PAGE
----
The relationship between codon usage in prokaryotes and their ability to grow at extreme temperatures has been given much attention over the past years. Previous studies have suggested that the difference in synonymous codon usage between (hyper)thermophiles and mesophiles is a consequence of a selective pressure linked to growth temperature. A hyperthermophile is an organism that thrives in extremely hot environments while a mesophile grows best in moderate temperature. As part of her PhD, Anamaria Necsulea performed an updated analysis [47] . The conclusion reached is that the difference in synonymous codon usage between (hyper)thermophilic and non-thermophilic species cannot be clearly attributed to a selective pressure linked to growth at high temperatures. Strong efforts are currently under way to determine the genome of major eukaryotic human parasites. Anamaria Necsulea has started a bioinfomatics analysis of some of these genomes, mainly in the Leishmania gender [49] . She has shown a new and surprising usage of synonymous codons (codons that refer to the same amino acid) in these organisms. Several biological interpretations are possible: this may either be explained by a better adaptation to the translational process, or be the result of mutational bias. New genomes are being sequenced and this gives hope that it will be possible to discriminate between the two hypotheses in a near future.

Modelling and analysis of the spatial organisation and dynamics of genomes

Spatial organisation

Genomes are organised as a succession of region having different functional roles: introns, exons, intergenic regions, etc. Each of these regions has different statistical properties that are required by their functional role. However, other regional organisations exist at broader scales, isochores being the most studied ones. Isochores occur mainly in mammal and bird genomes. An isochore is a large region (more than 300kb) with a relative homogeneity in base frequencies, particularly in C+G. An analysis of the isochore organisation of a genome needs therefore to separate structures that occur at different scales. Before the PhD work of Christelle Melodelima [48] [70] , either the local structure was ignored or the analysis was restricted to exons. C. Melodelima proposed an HMM approach that simultaneously builds a modelling of the local organisation and allows (through a bayesian approach) a model selection that leads to the segmentation of the genome in its isochores. Moreover, this original approach has lead to new biological results, for instance, on the relationships between the organisation in isochores and the sequences coming just before and after each gene (5'UTR and 3'UTR).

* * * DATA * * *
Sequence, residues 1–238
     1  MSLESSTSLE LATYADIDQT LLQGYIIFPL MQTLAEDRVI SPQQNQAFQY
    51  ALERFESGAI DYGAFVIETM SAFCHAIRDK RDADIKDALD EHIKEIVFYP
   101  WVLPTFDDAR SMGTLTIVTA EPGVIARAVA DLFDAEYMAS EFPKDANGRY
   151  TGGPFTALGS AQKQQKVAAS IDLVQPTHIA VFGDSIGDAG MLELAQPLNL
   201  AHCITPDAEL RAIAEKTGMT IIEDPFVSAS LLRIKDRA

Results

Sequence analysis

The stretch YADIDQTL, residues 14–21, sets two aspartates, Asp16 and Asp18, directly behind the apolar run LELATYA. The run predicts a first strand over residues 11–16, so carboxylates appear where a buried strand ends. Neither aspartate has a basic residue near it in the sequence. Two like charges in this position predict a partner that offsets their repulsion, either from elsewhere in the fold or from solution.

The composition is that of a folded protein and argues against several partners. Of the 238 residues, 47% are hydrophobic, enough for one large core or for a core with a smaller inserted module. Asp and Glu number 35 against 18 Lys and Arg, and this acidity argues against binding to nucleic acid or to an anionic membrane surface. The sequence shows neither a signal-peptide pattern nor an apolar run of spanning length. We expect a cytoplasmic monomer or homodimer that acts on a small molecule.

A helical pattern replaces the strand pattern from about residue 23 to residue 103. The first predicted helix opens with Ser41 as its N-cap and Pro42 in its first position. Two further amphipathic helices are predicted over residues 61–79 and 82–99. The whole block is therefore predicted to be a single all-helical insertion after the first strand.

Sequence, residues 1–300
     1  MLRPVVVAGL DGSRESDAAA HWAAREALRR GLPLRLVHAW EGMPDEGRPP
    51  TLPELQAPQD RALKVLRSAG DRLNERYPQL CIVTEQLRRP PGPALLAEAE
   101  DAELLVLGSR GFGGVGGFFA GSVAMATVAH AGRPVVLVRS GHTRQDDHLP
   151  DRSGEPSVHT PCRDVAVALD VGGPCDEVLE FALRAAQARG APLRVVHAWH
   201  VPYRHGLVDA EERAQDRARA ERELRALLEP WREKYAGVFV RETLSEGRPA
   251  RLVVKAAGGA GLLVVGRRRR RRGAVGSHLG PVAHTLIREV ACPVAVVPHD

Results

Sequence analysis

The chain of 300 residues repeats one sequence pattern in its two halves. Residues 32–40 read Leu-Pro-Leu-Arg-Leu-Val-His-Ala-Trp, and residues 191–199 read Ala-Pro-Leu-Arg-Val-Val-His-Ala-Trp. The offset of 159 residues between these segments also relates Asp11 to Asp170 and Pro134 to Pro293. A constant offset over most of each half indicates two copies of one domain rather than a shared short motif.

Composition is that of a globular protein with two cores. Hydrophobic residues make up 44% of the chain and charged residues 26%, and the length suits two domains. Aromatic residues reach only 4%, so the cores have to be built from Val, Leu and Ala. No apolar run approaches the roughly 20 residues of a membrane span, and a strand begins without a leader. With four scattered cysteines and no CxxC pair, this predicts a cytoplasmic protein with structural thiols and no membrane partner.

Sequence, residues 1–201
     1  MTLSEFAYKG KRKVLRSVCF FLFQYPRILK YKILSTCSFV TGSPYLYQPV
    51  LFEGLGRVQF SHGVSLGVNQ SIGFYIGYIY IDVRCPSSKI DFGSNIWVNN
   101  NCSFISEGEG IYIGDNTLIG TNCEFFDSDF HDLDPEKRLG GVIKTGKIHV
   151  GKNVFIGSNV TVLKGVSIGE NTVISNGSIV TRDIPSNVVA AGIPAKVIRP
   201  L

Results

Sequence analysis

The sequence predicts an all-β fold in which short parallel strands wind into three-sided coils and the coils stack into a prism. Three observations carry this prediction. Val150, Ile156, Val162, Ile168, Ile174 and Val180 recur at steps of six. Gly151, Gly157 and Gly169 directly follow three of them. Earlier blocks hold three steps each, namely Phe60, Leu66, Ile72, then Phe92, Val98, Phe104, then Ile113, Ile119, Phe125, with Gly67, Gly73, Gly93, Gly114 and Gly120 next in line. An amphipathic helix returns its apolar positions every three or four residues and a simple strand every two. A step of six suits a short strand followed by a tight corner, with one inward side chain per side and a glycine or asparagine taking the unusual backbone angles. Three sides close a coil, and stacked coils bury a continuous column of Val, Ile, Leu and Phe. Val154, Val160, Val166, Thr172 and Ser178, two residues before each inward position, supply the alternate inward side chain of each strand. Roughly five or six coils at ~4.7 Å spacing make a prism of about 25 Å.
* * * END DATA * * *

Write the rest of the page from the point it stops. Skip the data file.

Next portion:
Hidden Markov Models are one possible way of segmenting a biological sequence. Another that was developed in HELIX by Laurent Gueguen is maximal predictive partioning (MPP) (2001; LNCS vol. 2066, pages 32-44). MPP is a method that, given a set of models (for instance, related to sequence composition), builds the best partition of a sequence into k segments. MPP scores the adequacy of a model to a segment. During the partitioning operation, several models are compared in order to optimally segment a sequence of letters into homogeneous parts. Such a model may, for instance, be Markovian. Using dynamic programming, MPP computes the k-partitions for successive values of k in time linear with k and the length of the sequence. Hence, an MPP gives a multi-scale representation of the sequence. Another way to compute a multi-scale segmentation of sequences is to use a hierarchical process. The segments are in this case recursively divided.

A package of Python modules, called Sarment was developed for easy building and manipulation of sequence segmentations (2005; Bioinformatics 21(16):3427-3428). The first aim of Sarment is to provide an efficient implementation of the HMM segmentation algorithms (Viterbi and Forward-Backward) and of the MPP method. The second aim of Sarment is to allow easy manipulation of the models that are used in HMMs and in MPPs. An algorithm for computing the probability of a given segmentation has also been submitted for publication (submitted paper).